It had also become apparent that a shorter and better line to the Missouri River could be had from the point to which the road had now been constructed, and it was thought that a road from some point on its existing line to some point south of it, on the line of the Mississippi and Missouri River Railroadone of the four land-grant roads—would be desirable. It had also been ascertained that the necessary quantity of lands in lieu of the odd sections disposed of within six miles could not be satisfied by alternate sections within the fifteen-mile limit.

In this condition of the matter Congress passed the statute on which the result of this litigation depends, which was approved June 2, 1864, 13 Stat. 95.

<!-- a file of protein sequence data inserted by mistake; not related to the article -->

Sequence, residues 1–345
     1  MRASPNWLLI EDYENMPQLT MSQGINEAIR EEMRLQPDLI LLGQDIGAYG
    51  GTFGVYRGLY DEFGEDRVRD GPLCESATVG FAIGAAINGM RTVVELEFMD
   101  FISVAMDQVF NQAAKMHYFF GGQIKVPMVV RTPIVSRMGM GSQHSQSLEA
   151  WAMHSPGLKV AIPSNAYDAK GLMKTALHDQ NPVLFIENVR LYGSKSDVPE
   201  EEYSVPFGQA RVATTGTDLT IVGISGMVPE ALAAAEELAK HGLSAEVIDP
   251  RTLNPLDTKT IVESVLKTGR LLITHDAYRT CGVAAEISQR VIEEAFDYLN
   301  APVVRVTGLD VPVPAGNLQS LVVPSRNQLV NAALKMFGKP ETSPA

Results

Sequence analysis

This statute, after granting certain relief to the Mississippi and Missouri Railroad Company, and to the Burlington and Missouri Railroad Company, two other of the land-grant roads in Iowa, proceeds in its fourth section to grant relief to the present plaintiff company.

The fourth section of that act—the one which we are required to construereads as follows:

“Sec. 4. And be it further enacted, That the Cedar Rapids and Missouri River Railroad Company, a corporation established under the laws of the State of Iowa, and to which the said State